The EPA issued a newly approved alternative test method (ALT-143) for compliance with the enhanced monitoring provisions in the National Emission Standards for Hazardous Air Pollutants (NESHAPs) for MSW Landfills (40 CFR 63 Subpart AAAA updated March 26, 2020). The approved alternative method instead of Method 10 allows for direct monitoring of CO at a landfill gas well using a portable gas analyzer. The NESHAP requires weekly monitoring of CO at the landfill gas well if the gas temperature is over 145F and the regulatory agency has approved no higher operating value under the NSPS/EG rules or NESHAPs. The Solid Waste Working Group (SWWG) coordinated with landfill gas meter manufacturers (QED, Elkins Earthworks) to prepare this method.
EIL approved sharing a flow chart and Excel file that can be used for monitoring/documentation purposes when using this approved alternative “field instrument method.” Don’t hesitate to get in touch with your SCS air emissions/compliance expert or contact us at for details.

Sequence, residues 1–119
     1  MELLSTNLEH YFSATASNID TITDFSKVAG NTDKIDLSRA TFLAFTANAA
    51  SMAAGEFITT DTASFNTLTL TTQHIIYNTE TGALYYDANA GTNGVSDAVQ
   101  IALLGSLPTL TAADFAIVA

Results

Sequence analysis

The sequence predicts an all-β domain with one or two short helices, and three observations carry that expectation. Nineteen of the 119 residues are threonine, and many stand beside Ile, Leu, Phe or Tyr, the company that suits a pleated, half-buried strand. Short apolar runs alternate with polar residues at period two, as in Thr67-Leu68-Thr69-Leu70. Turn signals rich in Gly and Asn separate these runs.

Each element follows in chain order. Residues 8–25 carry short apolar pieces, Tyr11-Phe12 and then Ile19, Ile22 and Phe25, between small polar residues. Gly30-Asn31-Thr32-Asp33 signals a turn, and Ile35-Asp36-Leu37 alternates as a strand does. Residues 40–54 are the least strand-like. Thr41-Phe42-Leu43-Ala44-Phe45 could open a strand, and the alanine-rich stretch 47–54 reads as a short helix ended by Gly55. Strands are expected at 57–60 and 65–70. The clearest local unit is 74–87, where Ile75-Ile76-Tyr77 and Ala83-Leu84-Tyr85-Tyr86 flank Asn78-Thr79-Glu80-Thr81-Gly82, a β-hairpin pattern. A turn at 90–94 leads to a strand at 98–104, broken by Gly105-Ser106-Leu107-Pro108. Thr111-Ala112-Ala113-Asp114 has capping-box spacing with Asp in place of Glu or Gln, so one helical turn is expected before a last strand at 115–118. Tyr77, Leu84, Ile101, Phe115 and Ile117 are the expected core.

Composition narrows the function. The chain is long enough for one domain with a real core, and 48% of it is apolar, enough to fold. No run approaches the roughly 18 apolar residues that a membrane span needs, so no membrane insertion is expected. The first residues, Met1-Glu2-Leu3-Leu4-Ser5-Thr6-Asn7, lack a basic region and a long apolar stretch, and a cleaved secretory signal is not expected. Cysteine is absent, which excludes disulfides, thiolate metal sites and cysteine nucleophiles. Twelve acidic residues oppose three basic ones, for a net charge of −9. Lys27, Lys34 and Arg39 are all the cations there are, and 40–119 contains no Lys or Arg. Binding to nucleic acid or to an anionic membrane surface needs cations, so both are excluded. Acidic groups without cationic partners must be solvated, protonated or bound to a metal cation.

EPA will post the alternative test method to the Broadly Applicable Approved Alternative Test Methods | US EPA website page. Take note that the hyperlink in EPA’s letter is out of date.
The Solid Waste Working Group (SWWG) also submitted two alternative methods in lieu of Method 10 to EPA for approval using grab sample (canister, foil bag) and laboratory analysis, one with GC/FID and the other GC/TCD instrumentation. The SWWG coordinated with several national laboratories on the methods. EPA is completing its review of the two proposed methods, anticipating EPA approval before September 27, 2021, the effective date of the enhanced monitoring provisions.
A look at the confusion stemming from regulatory uncertainty of new rules limiting air emissions from municipal solid waste landfills by David Greene, P.E., SCS Engineers – Asheville, NC.
The landfill industry continues to work with EPA Administration to get a longer-term stay to work out needed NSPS/EG rule changes. At this time, industry representatives are hopeful both these related goals can be achieved.
While the new NSPS/EG rules became effective back in 2016, the concerns with the rules raised at the time still remain unresolved. Despite this, we can expect resolution though it may take some time to fix. The fog should be lifting, yielding changes that are expected to be more workable for both the landfill industry and state/local regulators. In the meantime, stay tuned and stay informed.
Read the full article with links to the NSPS/EG update in a recently published SCS Technical Bulletin.